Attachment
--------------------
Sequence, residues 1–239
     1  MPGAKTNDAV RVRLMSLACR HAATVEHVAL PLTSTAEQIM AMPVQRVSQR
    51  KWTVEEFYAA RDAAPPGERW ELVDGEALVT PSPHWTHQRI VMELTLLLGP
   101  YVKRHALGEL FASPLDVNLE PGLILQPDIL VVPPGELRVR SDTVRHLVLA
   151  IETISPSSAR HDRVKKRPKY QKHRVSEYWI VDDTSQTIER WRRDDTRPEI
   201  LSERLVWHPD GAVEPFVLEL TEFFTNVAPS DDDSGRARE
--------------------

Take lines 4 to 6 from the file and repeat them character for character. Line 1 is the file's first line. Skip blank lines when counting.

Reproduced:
   101  YVKRHALGEL FASPLDVNLE PGLILQPDIL VVPPGELRVR SDTVRHLVLA
   151  IETISPSSAR HDRVKKRPKY QKHRVSEYWI VDDTSQTIER WRRDDTRPEI
   201  LSERLVWHPD GAVEPFVLEL TEFFTNVAPS DDDSGRARE